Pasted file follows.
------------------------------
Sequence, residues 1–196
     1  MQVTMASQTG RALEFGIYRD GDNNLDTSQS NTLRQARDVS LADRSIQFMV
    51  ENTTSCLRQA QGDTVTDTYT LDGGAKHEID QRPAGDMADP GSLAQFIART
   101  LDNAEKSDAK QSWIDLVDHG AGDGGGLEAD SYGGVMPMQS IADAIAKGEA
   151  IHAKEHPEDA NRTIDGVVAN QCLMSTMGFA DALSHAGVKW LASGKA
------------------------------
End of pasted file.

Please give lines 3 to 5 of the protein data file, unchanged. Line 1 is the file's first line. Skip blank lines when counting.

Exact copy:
    51  ENTTSCLRQA QGDTVTDTYT LDGGAKHEID QRPAGDMADP GSLAQFIART
   101  LDNAEKSDAK QSWIDLVDHG AGDGGGLEAD SYGGVMPMQS IADAIAKGEA
   151  IHAKEHPEDA NRTIDGVVAN QCLMSTMGFA DALSHAGVKW LASGKA